HiFiMan is arguably the most prolific producer of high-quality headphones in the world with several new designs introduced each year. In the Ultimate Headphone Guide (Summer 2018), I had the pleasure of reviewing the manufacturer’s stunning Shangri-La Junior electrostatic headphone system and was very impressed with its overall performance—most notably its outstanding clarity, coherence, and transparency. I wondered how good a much more affordable HiFiMan headphone that uses planar-magnetic technology would be.
Like the Shangri-La Junior, HiFiMan’s open-back Ananda uses an extremely thin, lightweight driver membrane. However, the Ananda’s technology is derived from the company’s highly regarded Susvara headphone, which costs six times more. Unlike the Shangri-La Junior, the Ananda uses planar-magnetic drivers instead of electrostatic ones. Its “supernano” diaphragm is 80% thinner than its previous designs in this price category and is only 1 to 2 microns thick. What this means sonically is that the driver is faster and more detailed. The leading edges of transients, such as drum rim shots, strummed strings on a guitar, or the ping on brass instruments are reproduced with startling clarity, as they are in real life.
Additionally, since the driver is evenly driven, the Ananda’s tonal balance is fundamentally neutral, smooth, and undistorted. Some may be surprised by its ability to reproduce deep bass with extension, power, and articulation. It gives a solid foundation to all types of music but this is particularly noticeable on deep synth, piano, and pipe organ pedal tones.
Mercifully, fine details emerge clearly and cleanly but without any added brightness. There is a touch of warmth that encourages long-term listening and helps minimize listener fatigue. You’ll also hear subtle nuances that draw you into the performance. Ambient cues from the recording venue are reproduced as in real life. For example, when listening to a choir in a church on an Opus 3 recording like Musica Sacra, you’ll hear the echo in the hall after the choir stops singing. It’s all very natural and engaging.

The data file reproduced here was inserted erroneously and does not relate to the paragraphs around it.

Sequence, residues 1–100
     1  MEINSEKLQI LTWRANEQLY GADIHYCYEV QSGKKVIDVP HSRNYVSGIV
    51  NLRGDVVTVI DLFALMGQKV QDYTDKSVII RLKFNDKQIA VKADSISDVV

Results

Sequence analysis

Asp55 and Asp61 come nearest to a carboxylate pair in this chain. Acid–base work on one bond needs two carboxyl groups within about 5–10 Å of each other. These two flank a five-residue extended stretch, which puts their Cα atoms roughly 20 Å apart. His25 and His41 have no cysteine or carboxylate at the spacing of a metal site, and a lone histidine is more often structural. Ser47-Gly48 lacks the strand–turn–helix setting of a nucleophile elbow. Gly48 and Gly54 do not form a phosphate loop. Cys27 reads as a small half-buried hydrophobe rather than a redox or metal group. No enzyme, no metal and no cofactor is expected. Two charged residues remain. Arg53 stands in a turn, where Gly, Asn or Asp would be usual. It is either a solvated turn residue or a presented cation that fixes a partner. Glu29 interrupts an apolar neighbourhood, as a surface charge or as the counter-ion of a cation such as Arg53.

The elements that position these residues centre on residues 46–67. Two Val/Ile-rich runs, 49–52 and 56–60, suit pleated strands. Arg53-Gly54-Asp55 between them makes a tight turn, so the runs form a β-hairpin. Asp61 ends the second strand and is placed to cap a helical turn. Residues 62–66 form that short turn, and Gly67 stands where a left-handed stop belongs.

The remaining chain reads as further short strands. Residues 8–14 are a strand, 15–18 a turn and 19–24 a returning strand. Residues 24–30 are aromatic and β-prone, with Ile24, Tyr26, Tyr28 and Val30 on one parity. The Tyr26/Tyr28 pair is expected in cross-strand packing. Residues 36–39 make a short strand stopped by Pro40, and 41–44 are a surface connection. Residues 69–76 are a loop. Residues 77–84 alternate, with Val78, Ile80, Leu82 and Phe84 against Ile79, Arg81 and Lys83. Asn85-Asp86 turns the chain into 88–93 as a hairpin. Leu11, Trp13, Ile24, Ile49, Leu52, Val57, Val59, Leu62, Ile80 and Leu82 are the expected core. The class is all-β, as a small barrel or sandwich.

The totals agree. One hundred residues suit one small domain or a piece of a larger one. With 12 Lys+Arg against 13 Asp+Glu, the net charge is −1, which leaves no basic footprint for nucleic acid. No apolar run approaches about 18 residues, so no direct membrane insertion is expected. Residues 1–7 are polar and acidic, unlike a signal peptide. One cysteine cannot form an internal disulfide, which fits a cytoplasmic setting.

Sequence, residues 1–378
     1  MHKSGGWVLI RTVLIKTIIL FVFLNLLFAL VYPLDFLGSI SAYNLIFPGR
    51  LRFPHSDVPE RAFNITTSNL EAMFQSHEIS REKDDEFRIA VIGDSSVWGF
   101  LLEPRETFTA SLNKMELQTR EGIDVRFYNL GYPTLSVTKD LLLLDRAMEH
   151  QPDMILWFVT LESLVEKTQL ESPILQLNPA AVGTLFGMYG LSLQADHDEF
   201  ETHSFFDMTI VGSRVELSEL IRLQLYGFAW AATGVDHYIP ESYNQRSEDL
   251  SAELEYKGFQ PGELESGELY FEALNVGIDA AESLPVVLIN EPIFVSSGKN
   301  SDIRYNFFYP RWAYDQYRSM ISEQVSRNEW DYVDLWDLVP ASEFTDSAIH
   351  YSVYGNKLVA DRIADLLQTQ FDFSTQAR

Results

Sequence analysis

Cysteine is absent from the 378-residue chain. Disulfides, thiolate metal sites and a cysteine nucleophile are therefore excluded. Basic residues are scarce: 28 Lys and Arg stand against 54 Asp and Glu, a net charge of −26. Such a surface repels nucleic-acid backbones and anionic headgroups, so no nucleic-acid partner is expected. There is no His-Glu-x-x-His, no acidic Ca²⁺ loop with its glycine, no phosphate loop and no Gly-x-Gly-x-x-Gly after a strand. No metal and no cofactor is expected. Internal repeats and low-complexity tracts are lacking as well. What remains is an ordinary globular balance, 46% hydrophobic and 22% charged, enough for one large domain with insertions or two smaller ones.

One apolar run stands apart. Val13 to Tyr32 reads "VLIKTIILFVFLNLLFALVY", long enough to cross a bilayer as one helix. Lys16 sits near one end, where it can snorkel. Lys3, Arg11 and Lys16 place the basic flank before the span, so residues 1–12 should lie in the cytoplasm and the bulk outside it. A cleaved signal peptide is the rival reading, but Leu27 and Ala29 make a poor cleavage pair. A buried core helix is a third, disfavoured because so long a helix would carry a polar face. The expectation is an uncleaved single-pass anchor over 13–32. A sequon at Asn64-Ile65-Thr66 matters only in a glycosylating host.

The Ananda captures the excitement and energy of the live performance. Listening to Alison Krauss and Union Station on SACD, the Ananda makes you feel like you’re part of the audience. Krauss’ voice is detailed with no hint of stridency, and the picking and strumming are detailed, lively, and present.
One of the limitations of headphones with planar-magnetic drivers is that you typically need a powerful headphone amplifier to drive them. However, the Ananda is one of a new generation of planar-magnetic headphones that are much more sensitive and easier to drive. Its high sensitivity (103dB) enables the Ananda to be used with most any smartphone or portable audio device. Here’s a planar-magnetic headphone that is both portable and at home on a desktop.
Many high-performance headphones can become uncomfortable during long listening sessions, but not the Ananda. While it is not light—weighing about 14 ounces—its advanced headband design distributes its weight evenly to enhance comfort. I also found the Ananda’s padded earcups quite comfortable, fitting my ears nicely. The earcups are user-replaceable, too.
Is the Ananda better than the Shangri-La Junior electrostatic headphone? No, it is not quite as refined, detailed, and transparent, but there is definitely a family resemblance with the Ananda coming surprisingly close on these important sonic attributes, as well as in deep bass extension and top-to-bottom coherence. That the Ananda achieves this level of performance at a fraction of the price of the ’stats is quite an achievement.
As its Sanskrit name implies, Ananda produces sonic “bliss.” With its advanced planar-magnetic technology and ultra-thin diaphragm, the Ananda sounds similar in many respects to the company’s more expensive offerings. Better still, it can be used “on-the-go” with a smartphone or portable audio device. The Ananda is a top performer in its price class and a great value.
Specs & Pricing
Type: Open-back, circumaural, planar-magnetic headphone with very low-mass, “supernano” diaphragms
Frequency response: 8Hz–55kHz
Impedance: 25 ohms
Weight: 14.07 oz. (399g)
Read Next From ReviewSee all
MC Audiotech TL-12 Loudspeaker | The WBLS Driver Lives On in a New Design
Andrew Quint sits down with MC Audiotech Co-Founder Mark Conti […]
- by Andrew Quint
- Feb 03rd, 2023
2022 Golden Ear: Bluesound Powernode Gen 3 Streaming DAC and Integrated Amplifier
Bluesound Powernode Gen 3 Streaming DAC and Integrated Amplifier $949 […]
- by Muse Kastanovich
- Feb 03rd, 2023